Review Summary: Alex Cameron's Forced Witness is a record rare in succeeding to ask the question, "Why haven't I been forced to witness this sooner?" in self-referential form.
Have you ever woken up in the thralls of a cheeky craving, lusting for a cassette of synth-pop ballads scripted at every turn by understated absurdity in lyric form and instrumentation gleaned from the genre’s golden age" Nah, neither have I and yet never has such an unrealized union been so delightfully enamelled once fed through the teeth of Alex Cameron and the pipes therein rusted over with a strange intensity for Bruce Springsteen and wit-winked narratives. In truth, it’s never quite clear where the line begins and ends between his own experiences and his imagination’s fancy, when the words he writes them with include references to “feeling like Marlon Brando circa 1999” as a justification for punching a potential love interest's boyfriend and “waking up from a dirty wet dream with a lap full of cum and a head full of steam” as a homeless man. However ambiguous the margin, there is little doubt for the man’s gift for parceling the absurdity into already marbled textures of the 80’s; a kind of instrumentation that once coupled, provides an eerily natural backing to his character portraits. One reviewer described this record's charm with the words, “if Tommy Wiseau made Kaputt”- and if that provides far too incomplete a valuation for its worth, he finished the quip with “and it’s the best pop album I’ve heard in years.”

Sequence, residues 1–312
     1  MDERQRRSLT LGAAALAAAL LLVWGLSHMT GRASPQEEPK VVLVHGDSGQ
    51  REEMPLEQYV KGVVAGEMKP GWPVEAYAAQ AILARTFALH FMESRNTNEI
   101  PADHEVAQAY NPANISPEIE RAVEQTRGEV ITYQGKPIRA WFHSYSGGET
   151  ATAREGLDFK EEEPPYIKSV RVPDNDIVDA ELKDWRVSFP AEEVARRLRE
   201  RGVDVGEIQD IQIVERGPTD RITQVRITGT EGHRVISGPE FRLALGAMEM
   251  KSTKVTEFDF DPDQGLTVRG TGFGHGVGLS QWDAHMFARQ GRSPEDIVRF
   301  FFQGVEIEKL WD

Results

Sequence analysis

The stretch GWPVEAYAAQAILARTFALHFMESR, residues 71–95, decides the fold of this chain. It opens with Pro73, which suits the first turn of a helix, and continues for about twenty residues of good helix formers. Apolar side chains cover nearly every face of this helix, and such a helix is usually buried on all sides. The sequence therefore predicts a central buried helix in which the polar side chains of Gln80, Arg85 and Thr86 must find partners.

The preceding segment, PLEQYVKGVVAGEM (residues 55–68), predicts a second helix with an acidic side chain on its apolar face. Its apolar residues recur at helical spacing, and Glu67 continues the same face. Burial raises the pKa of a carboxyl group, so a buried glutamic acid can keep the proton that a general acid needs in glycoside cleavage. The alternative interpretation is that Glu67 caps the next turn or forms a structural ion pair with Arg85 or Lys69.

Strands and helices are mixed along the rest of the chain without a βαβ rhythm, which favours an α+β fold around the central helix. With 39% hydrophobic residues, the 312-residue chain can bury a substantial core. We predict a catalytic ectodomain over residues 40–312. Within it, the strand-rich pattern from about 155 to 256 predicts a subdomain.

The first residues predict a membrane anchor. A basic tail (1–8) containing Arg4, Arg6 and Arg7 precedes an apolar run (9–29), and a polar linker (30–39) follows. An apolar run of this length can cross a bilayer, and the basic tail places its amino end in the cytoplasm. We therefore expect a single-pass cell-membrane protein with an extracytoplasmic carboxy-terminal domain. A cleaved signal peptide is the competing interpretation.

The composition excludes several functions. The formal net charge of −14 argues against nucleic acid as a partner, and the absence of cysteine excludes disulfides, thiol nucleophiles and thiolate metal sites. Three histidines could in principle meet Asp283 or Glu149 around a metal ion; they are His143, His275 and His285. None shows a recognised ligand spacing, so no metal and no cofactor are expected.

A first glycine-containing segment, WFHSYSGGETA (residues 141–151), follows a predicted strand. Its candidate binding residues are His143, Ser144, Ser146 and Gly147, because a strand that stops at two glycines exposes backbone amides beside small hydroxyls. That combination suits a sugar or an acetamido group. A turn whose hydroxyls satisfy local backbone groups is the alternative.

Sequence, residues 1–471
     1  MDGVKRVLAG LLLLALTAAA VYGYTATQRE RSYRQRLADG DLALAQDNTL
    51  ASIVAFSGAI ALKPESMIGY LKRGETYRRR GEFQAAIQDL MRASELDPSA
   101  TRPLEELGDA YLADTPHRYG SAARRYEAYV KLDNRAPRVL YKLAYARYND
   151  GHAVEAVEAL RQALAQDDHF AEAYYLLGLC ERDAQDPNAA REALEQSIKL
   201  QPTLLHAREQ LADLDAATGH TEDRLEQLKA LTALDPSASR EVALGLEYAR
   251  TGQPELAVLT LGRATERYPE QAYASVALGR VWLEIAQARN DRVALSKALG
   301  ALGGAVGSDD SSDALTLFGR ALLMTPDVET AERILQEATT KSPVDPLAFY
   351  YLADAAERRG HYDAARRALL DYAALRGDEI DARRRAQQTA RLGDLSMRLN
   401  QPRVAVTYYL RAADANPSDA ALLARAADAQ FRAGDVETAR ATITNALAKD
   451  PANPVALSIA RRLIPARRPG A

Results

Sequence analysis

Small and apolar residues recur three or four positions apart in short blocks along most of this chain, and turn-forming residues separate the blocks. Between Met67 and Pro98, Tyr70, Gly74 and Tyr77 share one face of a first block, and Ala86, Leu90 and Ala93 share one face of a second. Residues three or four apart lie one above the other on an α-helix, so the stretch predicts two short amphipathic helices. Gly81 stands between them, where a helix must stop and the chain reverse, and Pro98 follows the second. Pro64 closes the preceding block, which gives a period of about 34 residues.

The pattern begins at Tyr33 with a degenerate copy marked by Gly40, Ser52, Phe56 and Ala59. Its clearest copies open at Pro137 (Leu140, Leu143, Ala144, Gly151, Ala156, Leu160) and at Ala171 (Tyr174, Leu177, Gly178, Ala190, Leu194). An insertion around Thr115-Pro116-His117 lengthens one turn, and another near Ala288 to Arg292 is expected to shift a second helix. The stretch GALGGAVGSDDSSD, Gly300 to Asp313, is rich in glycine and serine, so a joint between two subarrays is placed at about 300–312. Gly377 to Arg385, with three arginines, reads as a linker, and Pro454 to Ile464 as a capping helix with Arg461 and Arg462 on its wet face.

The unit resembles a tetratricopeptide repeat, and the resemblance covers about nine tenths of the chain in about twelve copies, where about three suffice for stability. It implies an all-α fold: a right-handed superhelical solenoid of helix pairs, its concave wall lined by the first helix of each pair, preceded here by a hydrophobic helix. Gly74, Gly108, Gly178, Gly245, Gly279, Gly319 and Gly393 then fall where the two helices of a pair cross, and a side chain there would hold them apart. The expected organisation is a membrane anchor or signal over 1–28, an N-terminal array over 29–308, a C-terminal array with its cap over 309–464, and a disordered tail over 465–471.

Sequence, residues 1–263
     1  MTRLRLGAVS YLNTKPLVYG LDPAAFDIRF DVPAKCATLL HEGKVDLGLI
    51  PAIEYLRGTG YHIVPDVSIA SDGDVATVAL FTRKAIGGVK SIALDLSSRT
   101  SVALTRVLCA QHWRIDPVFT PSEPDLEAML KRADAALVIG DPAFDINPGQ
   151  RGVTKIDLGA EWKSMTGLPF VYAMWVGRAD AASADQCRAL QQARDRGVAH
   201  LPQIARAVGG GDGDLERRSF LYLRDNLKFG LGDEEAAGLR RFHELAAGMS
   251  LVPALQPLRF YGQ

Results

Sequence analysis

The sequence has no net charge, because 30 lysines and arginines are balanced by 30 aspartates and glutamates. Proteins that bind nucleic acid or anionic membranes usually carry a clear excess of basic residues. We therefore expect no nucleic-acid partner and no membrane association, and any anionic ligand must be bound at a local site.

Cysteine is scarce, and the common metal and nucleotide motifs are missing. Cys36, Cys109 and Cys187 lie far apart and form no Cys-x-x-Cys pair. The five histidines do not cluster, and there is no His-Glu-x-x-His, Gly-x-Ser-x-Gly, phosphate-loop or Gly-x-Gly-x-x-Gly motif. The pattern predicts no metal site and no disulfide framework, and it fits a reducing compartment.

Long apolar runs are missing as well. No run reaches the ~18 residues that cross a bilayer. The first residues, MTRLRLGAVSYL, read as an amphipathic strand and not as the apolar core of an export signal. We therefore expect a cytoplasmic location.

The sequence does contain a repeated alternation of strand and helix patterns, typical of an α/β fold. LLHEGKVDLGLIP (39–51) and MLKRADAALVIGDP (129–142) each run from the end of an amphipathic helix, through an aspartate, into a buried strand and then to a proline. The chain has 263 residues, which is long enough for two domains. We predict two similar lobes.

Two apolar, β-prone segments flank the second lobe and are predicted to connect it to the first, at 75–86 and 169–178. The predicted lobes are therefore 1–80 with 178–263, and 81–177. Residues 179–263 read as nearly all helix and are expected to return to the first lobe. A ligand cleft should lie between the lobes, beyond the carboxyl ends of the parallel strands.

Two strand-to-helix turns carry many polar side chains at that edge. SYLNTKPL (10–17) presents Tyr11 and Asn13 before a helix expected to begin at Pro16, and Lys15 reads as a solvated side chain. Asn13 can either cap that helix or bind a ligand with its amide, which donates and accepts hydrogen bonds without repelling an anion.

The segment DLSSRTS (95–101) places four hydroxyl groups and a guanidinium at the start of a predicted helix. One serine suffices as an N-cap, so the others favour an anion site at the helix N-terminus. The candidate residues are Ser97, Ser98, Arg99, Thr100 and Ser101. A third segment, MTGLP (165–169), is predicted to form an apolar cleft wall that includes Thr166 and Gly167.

Just as interesting as the archetypes he paints on the marionette of each song, are the strings that pattern them towards stately dances. Rascally saxophone solos poke their weave into them at every occasion a seamstress could ask, whilst consistently considered synths provide ample cordage to strengthen the thread. What is admirable is no matter whatever talent he’s granted and whichever session musicians he brings to the forefront, the song writing never suffers from straying from a plateau of neon-lit goodness. Each tune positively begs to be fleshed out as tastefully as a mandarin rind and heard alongside a populated Las Vegas strip to remind everyone of the undercutting grace, humour and appetite that marinates every aspect around them to their immediate benefaction. Soft all the while, do these elements stew before one realizes that belying the heart and soul of this record is a self-aware romanticism that falls into an oft tragic and boisterous masculine ego, further anchored between the rip-roaring rushes of love inked in mafia-like escapades to more deplorable counterparts, like loving women online with beautiful eyes who could also possibly be Nigerian guys. The irony otherwise prescient in Cameron’s words disarm the harrowing emotions that issue them, seemingly as a comic relief for an audience he desperately wants to knead into a well-rounded mood.
I can’t find much wrong with this record other than Alex’s baritone sometimes lacking anything more than a sultry and mannerly delivery which is in part matched by an instrumental backing that seldom sits further in its possible range. Yet even though this consideration does corral the quality of this record from reaching higher peaks, it does not detract it from the foundations that keep the footing sure underneath. Ultimately, it is a passage into the lining of one man’s imagination, figured with a palate and brush of words and voice, then framed with a lacquer of welcoming flavours in a way that might just keep the paint longer from its eventual craquelure. Enjoy with ease.